The Neobank Love Affair That Wasn’t
December 1, 2022
Top Fintech Choices
Neobanks for a long time have taken up a good chunk of the fintech competition conversation among traditional providers. These are fintech startups like Chime and Current that aim to operate similarly to banks and provide traditional financial services like checking and savings accounts to consumers. And they’ve garnered a lot of attention and capital over the last few years. Often, we’d hear variations on the phrase, “They’re coming to eat banks’ lunch.” Now, given recent funding woes, layoffs sweeping the technology industry, and a slew of regulatory headlines, that threat currently seems to be mollifying. But was it ever really as big as it seemed?
According to data from PYMNTS and Treasury Prime, perhaps not. In fact, among 1,874 consumers who are familiar with digital banks surveyed by the two companies this year, neobank usage isn’t actually all that overwhelming. Specifically, while 50% had used PayPal and 24% used Venmo in the past year, just 8% had used Chime, and 5% had used Ally, with no other digital bank or fintech exceeding 5% usage in the sample. In total, while two-thirds of those surveyed use fintech in some capacity, including a neobank, digital bank, or fintech with bank-like services, that drops to 25% when PayPal and Venmo are removed. This suggests that fintech adoption may be mainstream, but it’s largely concentrated among these popular payments applications, with remaining usage fragmented across neobanks and other digital competitors.
So what does it all mean? Ultimately, the impact of these companies is likely less in their potential to swallow up the market and more in their ability to gain just enough traction to change the game and take experiences to the next level. In short, they’ve forced traditional banks to rethink what baseline should be from a product and services standpoint. And that is a very good thing, whether they go the distance or not. The truth is, given the current environment, we are likely about to see a real winnowing through their ranks. That will separate the winners from the losers. And those winners will go on to continue to move the bar higher. Maybe they will start to dominate, or maybe they will remain successful but niche. The latter is probably the more likely scenario.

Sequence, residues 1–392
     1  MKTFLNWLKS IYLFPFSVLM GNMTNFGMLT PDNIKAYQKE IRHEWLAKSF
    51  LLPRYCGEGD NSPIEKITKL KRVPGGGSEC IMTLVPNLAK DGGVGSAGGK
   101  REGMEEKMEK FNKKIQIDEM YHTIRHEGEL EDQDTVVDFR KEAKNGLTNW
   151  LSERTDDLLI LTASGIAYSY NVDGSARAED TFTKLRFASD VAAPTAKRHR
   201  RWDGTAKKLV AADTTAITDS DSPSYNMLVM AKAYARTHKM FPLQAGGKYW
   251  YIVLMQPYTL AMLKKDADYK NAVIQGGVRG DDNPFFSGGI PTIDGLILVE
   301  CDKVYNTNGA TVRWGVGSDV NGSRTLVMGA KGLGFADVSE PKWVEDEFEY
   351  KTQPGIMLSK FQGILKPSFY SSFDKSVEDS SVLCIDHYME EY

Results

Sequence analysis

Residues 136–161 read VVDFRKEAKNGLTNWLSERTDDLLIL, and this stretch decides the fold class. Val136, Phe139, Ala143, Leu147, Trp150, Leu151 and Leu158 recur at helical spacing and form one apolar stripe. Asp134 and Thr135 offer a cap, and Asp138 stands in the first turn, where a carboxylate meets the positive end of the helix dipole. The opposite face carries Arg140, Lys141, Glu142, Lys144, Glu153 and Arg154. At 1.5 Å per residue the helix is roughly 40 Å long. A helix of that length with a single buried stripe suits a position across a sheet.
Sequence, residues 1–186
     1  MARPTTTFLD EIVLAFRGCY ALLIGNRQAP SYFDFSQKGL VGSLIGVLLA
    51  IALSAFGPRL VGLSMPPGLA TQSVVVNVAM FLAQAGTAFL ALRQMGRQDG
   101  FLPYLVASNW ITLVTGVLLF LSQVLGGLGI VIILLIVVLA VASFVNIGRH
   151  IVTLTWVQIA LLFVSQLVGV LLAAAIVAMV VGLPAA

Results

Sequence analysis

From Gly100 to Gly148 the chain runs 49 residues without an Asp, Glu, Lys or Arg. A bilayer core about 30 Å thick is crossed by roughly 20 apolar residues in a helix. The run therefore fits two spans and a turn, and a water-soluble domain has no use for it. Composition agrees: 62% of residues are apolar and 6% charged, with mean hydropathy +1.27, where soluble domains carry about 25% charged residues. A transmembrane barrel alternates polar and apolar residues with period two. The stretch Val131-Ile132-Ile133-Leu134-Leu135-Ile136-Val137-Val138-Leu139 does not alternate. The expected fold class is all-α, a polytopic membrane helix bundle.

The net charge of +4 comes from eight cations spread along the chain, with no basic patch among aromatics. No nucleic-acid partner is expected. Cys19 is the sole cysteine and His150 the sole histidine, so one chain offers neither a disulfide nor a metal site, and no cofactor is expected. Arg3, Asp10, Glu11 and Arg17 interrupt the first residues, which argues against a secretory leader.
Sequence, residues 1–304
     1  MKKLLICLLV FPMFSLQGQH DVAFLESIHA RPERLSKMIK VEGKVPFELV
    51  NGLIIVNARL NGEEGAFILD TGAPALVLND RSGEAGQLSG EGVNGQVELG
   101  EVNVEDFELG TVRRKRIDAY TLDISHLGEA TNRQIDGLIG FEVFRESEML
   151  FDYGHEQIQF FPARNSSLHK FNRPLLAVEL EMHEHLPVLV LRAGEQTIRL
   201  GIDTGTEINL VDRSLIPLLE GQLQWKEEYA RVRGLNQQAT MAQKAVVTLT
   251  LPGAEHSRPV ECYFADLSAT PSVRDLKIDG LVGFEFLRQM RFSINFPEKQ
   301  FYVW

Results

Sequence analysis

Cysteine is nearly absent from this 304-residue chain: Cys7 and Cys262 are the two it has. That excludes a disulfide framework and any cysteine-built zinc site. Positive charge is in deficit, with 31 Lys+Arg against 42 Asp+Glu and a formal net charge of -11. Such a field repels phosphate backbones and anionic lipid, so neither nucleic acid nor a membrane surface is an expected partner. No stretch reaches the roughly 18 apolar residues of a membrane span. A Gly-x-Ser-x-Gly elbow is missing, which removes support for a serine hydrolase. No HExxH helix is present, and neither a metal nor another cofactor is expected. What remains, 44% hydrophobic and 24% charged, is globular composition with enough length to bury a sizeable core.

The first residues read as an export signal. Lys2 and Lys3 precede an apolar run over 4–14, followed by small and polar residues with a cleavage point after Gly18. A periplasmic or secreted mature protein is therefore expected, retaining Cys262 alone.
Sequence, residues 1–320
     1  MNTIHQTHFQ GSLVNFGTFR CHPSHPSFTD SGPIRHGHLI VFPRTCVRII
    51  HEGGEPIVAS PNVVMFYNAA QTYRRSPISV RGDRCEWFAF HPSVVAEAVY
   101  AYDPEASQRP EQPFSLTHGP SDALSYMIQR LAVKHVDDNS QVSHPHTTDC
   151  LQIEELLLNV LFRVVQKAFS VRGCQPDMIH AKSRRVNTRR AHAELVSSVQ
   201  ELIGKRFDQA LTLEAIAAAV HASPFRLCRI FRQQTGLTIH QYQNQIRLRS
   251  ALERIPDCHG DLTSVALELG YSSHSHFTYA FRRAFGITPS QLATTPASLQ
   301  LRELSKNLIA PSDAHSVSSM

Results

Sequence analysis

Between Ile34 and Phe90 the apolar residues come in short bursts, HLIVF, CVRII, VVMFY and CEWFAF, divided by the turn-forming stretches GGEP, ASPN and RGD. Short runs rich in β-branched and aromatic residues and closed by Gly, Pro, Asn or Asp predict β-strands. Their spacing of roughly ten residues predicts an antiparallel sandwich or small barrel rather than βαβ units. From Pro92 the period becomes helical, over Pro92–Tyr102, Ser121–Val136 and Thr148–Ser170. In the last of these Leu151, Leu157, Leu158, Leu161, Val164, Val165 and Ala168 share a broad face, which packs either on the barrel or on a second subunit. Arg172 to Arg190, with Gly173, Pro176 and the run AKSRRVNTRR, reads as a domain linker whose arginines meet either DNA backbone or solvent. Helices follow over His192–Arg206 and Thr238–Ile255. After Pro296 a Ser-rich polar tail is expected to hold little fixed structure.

Meanwhile, all of this has implications for an area of growth that touches both neobanks and traditional players: Banking-as-a-Service (BaaS). BaaS has exploded over the last few years, with its core premise that banks provide their charter to allow nonbank providers, often neobanks, to offer financial services. If neobanks are struggling in an increasingly difficult environment, and they aren’t getting the adoption they need to overcome those challenges, that leaves many BaaS arrangements at risk. As a result, bankers with a pulse on this are likely to start getting sharper in their bets. In fact, we can expect to see many begin to diversify their portfolios, with greater emphasis on companies with established revenue streams that want to provide financial services.